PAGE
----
Scrape egg masses from tree trunks by the end of April
Guelph, Ont., March 21, 2022 – Spring has arrived in Guelph which means it’s time to check your trees for signs of the recently-renamed spongy moth (lymantria dispar dispar), an invasive species in North America whose caterpillars results in loss of leaves to trees in the urban forest.
We recently did a second egg mass survey in November 2021, following a similar survey one year ago to determine the risk of defoliation to trees across the city. The recent survey found that the risk to Guelph’s urban forest this year is mild in comparison to surrounding communities.
What this means for City-owned trees
We’re going to continue to monitor trees on our streets and in our parks and natural areas for egg masses and spongy moth populations. You may hear other communities are managing spongy moth with aerial spraying of pesticides. With our risks much lower this year, we won’t be scraping egg masses or using pesticides to control caterpillars on our street, park or natural area trees.
Manage spongy moth on your private trees
You can help reduce the loss of tree leaves by scraping moth egg masses from the trunks and branches of trees on your property before they hatch at the end of April. Use online resources to help identify egg masses and a garden trowel to scrape eggs into soapy water. Leave them for a minimum of three days before disposing to make sure larvae are dead.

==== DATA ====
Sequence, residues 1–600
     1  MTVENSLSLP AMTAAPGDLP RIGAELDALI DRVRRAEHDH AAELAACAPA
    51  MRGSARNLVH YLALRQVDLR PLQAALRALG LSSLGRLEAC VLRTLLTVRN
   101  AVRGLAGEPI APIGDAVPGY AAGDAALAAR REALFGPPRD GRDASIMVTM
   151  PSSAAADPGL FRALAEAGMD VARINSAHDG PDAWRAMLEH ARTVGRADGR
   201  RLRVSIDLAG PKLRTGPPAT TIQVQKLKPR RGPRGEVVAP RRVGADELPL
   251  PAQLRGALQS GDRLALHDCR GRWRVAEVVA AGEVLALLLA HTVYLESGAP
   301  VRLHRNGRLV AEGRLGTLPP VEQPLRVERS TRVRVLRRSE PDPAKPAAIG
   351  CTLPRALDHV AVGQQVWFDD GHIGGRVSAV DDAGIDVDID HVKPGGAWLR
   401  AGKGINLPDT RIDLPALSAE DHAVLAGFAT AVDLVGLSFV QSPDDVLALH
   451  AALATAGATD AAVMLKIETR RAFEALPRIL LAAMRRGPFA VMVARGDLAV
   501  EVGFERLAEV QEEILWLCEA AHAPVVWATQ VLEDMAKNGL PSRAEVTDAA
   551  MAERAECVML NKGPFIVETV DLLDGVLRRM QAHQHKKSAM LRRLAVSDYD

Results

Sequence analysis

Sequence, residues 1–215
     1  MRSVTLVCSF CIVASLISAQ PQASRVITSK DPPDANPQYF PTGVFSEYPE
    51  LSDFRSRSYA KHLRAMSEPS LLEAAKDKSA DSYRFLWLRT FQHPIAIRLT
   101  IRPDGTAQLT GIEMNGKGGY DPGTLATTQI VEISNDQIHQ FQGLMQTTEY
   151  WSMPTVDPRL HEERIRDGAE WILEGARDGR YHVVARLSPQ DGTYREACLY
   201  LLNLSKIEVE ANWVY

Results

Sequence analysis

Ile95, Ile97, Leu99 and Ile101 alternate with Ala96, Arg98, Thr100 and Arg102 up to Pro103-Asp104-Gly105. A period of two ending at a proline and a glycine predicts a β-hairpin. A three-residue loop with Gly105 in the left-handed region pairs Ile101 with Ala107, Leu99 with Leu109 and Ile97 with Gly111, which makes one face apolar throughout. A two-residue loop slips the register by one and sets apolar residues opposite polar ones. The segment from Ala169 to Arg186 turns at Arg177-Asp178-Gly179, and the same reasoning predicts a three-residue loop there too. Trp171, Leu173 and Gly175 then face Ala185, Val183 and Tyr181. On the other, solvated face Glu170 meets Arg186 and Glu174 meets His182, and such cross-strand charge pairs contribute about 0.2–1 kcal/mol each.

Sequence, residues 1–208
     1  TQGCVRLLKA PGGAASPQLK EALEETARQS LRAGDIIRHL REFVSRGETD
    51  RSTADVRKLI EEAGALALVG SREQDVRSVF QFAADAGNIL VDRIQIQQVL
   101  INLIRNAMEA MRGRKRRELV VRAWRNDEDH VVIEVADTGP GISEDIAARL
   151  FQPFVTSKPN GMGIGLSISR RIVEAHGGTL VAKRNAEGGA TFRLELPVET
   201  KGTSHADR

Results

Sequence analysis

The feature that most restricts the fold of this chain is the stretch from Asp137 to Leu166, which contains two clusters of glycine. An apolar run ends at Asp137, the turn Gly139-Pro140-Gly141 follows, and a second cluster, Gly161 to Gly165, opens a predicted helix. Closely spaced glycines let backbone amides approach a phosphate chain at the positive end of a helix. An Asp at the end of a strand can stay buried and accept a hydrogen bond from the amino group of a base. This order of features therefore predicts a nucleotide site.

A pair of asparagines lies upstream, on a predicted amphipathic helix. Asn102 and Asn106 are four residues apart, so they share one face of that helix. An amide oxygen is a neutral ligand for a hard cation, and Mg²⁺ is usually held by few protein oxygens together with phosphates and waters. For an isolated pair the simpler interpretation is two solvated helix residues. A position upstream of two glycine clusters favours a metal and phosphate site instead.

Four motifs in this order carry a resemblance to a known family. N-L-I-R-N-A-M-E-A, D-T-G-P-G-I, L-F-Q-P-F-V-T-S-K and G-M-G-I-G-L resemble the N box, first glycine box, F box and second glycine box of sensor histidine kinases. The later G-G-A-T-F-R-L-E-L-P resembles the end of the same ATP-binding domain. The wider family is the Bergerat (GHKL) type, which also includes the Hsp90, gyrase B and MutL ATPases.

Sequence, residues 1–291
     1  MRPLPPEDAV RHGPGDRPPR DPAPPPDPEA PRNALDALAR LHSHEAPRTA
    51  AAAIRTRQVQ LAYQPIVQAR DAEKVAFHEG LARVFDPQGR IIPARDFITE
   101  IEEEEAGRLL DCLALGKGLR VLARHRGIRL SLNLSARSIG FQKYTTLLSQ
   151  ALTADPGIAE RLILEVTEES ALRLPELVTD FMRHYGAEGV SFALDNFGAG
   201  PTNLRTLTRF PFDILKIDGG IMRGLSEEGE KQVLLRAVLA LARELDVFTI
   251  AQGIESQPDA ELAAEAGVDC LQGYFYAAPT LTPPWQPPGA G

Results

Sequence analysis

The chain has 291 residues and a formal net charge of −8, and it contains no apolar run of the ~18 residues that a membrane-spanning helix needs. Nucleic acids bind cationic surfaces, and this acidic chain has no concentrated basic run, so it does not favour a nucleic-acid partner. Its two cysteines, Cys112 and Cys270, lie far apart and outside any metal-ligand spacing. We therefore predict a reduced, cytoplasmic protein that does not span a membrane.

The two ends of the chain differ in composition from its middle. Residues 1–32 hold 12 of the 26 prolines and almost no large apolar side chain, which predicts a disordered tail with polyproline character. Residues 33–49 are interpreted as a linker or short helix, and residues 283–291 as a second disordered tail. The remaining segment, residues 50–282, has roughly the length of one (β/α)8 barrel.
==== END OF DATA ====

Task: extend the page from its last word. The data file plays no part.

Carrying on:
After the eggs hatch
Spongy moth caterpillars can be identified by the red and blue dots on its back. If eggs have managed to hatch on your trees, you can manage caterpillars by:
- Installing sticky bands or burlap around tree trunks and emptying each day
- Picking caterpillars off by hand
- Spraying BTK products (a naturally-occurring bacteria) found in hardware stores
- Installing moth traps
- Hiring a licensed professional to treat trees with pesticide
For more information
Timea Filer, R.P.F., Urban Forestry Field Technologist
Forestry and Sustainable Landscapes, Parks
City of Guelph
519-822-1260 extension 3352